Hitachi and Veolia duo wins US$ 240 million Iraq pretreatment contract

A consortium of Japanese and French industrial giants, Hitachi and Veolia Environnement, alongside Egyptian engineering firm, ArabCo, have won a ¥ 24 billion (US$ 240 million) order from the Iraqi government to build pretreatment facilities at a desalination plant in Basrah, Iraq.

The engineering, procurement, and construction (EPC) contract value is split between the consortium and ArabCo with ¥ 10 billion (US$ 100 million) going to Hitachi and Veolia. Construction is scheduled to begin in October 2014, with completion scheduled for April 2017.

The pretreatment facilities include surrounding river water intake facilities and water transport networks. The Japanese government has provided loan assistance for the construction of these. 

The contract – awarded by Iraq’s Ministry of Municipalities and Public Works – is an addition to an earlier EPC and five-year operation and maintenance deal, won by the Franco-Japanese consortium, for the Basrah plant.

The plant EPC was awarded in January this year.

The Basrah reverse osmosis (RO) desalination plant will be the largest facility of its kind in Iraq, capable of supplying drinking water at 199,000 m3/d.

It will use RO to desalt brackish water drawn from a river estuary. The facilities covered by the additional order won by ArabCo, Hitachi, and Veolia -through its OTV subsidiary – will provide coagulation and sedimentation pretreatment.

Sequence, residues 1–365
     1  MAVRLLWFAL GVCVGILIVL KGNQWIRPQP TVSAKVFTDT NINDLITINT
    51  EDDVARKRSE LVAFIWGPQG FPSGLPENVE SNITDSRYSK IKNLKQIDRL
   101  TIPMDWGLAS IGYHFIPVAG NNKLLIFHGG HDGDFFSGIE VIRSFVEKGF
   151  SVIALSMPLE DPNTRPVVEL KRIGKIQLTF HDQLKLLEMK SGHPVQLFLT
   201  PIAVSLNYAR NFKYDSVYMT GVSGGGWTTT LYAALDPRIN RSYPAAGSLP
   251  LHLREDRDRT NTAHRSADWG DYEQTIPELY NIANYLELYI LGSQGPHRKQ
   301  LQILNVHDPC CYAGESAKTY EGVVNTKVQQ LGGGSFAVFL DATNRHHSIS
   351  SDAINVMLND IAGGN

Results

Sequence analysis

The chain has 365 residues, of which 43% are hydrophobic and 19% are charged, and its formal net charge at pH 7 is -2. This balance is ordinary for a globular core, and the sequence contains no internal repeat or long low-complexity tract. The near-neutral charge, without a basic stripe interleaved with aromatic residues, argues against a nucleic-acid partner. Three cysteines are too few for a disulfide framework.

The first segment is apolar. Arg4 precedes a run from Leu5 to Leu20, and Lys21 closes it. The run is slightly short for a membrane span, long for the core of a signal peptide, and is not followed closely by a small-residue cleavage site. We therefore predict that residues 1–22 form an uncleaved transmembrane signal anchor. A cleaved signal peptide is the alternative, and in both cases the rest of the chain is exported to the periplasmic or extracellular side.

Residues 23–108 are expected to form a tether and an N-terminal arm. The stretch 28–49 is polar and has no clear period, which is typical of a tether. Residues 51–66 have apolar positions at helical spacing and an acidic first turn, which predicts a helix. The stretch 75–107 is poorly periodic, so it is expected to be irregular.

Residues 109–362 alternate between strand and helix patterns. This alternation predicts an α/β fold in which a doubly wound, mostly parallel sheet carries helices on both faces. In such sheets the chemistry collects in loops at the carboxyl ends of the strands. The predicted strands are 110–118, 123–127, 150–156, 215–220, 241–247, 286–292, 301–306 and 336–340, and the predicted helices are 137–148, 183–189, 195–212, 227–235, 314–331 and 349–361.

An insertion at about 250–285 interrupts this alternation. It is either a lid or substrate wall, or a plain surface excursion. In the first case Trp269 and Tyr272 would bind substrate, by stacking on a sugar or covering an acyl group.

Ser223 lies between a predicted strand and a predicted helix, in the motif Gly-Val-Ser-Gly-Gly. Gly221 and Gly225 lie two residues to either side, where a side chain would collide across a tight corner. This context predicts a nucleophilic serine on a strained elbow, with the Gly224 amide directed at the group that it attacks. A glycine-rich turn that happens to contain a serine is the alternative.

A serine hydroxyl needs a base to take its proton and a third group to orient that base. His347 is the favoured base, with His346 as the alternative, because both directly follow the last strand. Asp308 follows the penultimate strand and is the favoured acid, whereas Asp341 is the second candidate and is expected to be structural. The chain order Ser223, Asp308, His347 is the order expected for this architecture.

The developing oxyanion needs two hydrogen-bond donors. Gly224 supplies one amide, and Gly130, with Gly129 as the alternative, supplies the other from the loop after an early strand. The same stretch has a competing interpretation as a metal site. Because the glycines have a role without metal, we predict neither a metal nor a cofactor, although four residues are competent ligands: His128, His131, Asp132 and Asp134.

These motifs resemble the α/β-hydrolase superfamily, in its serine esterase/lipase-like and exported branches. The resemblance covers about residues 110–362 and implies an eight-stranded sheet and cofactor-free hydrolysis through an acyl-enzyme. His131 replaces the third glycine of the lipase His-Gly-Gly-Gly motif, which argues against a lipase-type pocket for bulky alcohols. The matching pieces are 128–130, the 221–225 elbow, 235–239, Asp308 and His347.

The consortium will be responsible for the river water intake and water transport facilities. It will be responsible for the design, delivery, and testing of mechanical and electrical facilities. ArabCo will be responsible for civil engineering, construction, and on- site installation work.

Vice president and executive officer and resident and chief executive officer of Hitachi’s Infrastructure Systems, Kunizo Sakai, said: “We look forward to contributing to the maintenance and improvement of the water environment in Iraq by putting in place reliable water infrastructures.”

Veolia’s senior executive vice president, global enterprises, Jean-Michel Herrewyn, said: “This plant will significantly improve the quality of drinking water provided to the city of Basrah and will eliminate spikes in salinity caused by tides and winds.”

Hitachi and Veolia subsidiary, Veolia Water Solutions and Technologies, signed a partnership to collaborate in water infrastructure projects overseas. Both companies said they anticipate growing demand for water infrastructure projects in the future, particularly in emerging countries.